Flights: It’s no secret RyanAir and EasyJet have European college students in the palms of their hands. With strongholds in smaller airports, expect a bit of a trek to and from these cheap flight hubs. RyanAir runs in several airports in France, but the one you’ll probably see as the most relevant is the airport in Beauvais. A tiny little thing with just 2 terminals, I spent the day exploring Beauvais prior to my flight to Scotland and left a little piece of my heart in the city. You won’t need to get to the airport any more than an hour to an hour and a half ahead of your flight because it’s so small and there’s really only one restaurant inside and another little shop with snacks and magazines next to it. Many tend to lean away from this airport as it is two train transfers away from Metz, but I loved the city too much to have anything bad to say about it. It has a similar small French town charm of Metz with a breathtaking cathedral and tourist stops along the way. Many favor the Luxembourg airport for its proximity, but I’d recommend taking just one flight out of Beauvais if there’s a destination you’d like to go to that flights out of Luxembourg don’t reach!

It’s no secret that the accessible, well-managed, and often clean methods of public transportation make Europe a well-oiled machine. With enough patience and willpower, you too can soon be on 15-hour long train journeys to Prague or Rome! Me on the other hand, I prefer to swap off between trains and airplanes based on time and cost efficiency. Happy traveling!

Monthly Musings #1

Written by Swati

February 8th, 2023

As I’m writing this, I’m sat on the train back to Metz from Paris, watching the sunrise and thinking back on my first month abroad. A month, over already, gone in the blink of an eye. I never want to leave. I want to go back this instant. If I’ve said it once, I’ve said it a dozen times. we are truly capable of so much just as we are. Weeks ago I could barely string together the words to introduce myself in French and while I’m most definitely stumbling around, I’ve only ever used English two or three times in particularly stressful situations, favoring the immersive style of language learning. I’ve met people from Scotland, Japan, Canada, and different ends of the United States across my travels so far and it reminds me that the world isn’t quite so big after all. I’ve always heard it told to me that fortune favors the bold, but recently I’ve figured the opposite. Fortune doesn’t favor anyone, the bold favor fortune. I’m pulled to believe that we’re all given a sacred few chances that set the course of the rest of our lives, if only we muster up the courage to take them. The things that have proven most useful to me the past few weeks are research and advice- to know and be aware is far more useful than I would’ve thought prior. So much of life is white noise, focus on the things that strike a chord in you. Soldier on and forge your own way, Better if it’s off the beaten path because that’s what makes it your own. And for future study abroaders and GTE students I’ll give you a few tips for reading through my musings:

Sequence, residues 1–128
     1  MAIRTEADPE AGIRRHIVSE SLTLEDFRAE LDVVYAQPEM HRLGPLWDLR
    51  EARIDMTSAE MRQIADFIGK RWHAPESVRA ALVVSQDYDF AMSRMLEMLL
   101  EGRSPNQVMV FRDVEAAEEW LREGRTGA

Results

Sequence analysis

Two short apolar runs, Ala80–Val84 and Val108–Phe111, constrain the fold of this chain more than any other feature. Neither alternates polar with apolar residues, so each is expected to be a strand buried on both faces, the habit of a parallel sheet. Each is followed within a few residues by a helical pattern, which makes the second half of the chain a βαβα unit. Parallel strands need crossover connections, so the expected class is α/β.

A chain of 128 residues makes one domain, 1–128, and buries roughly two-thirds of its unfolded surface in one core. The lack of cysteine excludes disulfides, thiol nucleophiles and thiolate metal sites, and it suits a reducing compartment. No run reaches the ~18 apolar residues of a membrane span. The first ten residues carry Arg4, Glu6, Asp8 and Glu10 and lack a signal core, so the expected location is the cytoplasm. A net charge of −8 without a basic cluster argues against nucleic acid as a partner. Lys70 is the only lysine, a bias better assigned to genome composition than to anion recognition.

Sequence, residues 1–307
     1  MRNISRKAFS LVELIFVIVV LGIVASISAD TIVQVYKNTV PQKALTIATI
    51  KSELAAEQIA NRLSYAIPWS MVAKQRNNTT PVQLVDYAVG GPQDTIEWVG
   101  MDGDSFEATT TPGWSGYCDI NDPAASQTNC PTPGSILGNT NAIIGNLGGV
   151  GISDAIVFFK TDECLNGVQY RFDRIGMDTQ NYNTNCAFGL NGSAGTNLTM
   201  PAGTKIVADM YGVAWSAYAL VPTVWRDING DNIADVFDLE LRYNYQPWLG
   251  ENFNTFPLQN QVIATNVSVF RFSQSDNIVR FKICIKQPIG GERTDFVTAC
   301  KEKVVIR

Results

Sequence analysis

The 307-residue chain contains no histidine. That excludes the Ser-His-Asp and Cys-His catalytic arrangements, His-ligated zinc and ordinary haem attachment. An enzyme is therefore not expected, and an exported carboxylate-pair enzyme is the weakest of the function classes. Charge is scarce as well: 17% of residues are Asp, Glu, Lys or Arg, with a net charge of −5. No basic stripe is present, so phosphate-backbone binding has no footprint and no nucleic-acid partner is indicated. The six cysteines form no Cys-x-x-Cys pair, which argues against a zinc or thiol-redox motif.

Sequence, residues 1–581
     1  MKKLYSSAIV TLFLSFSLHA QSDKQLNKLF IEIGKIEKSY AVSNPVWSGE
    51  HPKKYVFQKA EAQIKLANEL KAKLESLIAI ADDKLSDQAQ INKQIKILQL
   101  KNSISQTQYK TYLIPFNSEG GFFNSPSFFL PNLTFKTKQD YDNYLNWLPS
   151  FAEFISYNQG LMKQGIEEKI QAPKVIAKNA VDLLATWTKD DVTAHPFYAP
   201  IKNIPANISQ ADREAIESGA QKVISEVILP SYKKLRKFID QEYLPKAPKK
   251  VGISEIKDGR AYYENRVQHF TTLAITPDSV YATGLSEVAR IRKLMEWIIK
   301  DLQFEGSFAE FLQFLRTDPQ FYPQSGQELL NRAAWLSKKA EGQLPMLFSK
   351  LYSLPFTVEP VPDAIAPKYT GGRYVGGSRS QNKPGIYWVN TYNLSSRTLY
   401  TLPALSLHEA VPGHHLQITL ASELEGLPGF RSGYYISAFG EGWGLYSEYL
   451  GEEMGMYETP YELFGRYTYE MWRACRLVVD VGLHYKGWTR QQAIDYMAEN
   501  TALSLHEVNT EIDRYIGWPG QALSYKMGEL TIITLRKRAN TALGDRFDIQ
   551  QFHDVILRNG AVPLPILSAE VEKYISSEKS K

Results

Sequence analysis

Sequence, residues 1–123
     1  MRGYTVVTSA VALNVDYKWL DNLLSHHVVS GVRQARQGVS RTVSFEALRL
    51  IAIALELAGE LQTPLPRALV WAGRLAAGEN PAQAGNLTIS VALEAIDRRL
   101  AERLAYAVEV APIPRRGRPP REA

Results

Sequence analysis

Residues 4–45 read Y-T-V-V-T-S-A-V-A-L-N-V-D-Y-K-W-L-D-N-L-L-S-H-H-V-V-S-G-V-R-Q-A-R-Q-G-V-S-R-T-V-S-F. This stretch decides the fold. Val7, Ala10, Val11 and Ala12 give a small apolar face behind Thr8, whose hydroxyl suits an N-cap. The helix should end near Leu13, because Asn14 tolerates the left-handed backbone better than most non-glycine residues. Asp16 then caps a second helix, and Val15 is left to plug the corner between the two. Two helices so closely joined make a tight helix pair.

1. Bring a card holder and only carry essentials! Your student ID, credit card, phone and bus pass are all you really need on any odd day out in Metz or traveling. If you’re here during the early spring or transition months, add an umbrella! The weather is much more overcast and rainy in Metz than many originally planned for!

2. Bring a reusable bag. Shops often charge for disposable bags or don’t have them at all! Purchasing reusable bags embossed in french grocery store emblems is a bit of a shared GTE experience, but I was thankful my mom sent me off with a big post-christmas reusable bag from Bed Bath and Beyond. I’ll always have a piece of her reminding me not to buy the unnecessary trinkets I always end up rummaging through. 

3. Give yourself lots of room to mess up! What I mean by this is to pad your travel time with time to transfer between trains or metro stations, budget time for getting lost or possible delays along the way (at least the first few times, metro and bus stations in new areas can be difficult to figure out! Coming from someone who has taken the wrong line one or two or four– too many times to admit). Public transit in Europe is far and wide and much better than the MARTA could ever dream of being, but it’s not foolproof and there are often strikes and delays. Try not to let a freak accident stop you from catching a connection or flight to a new place!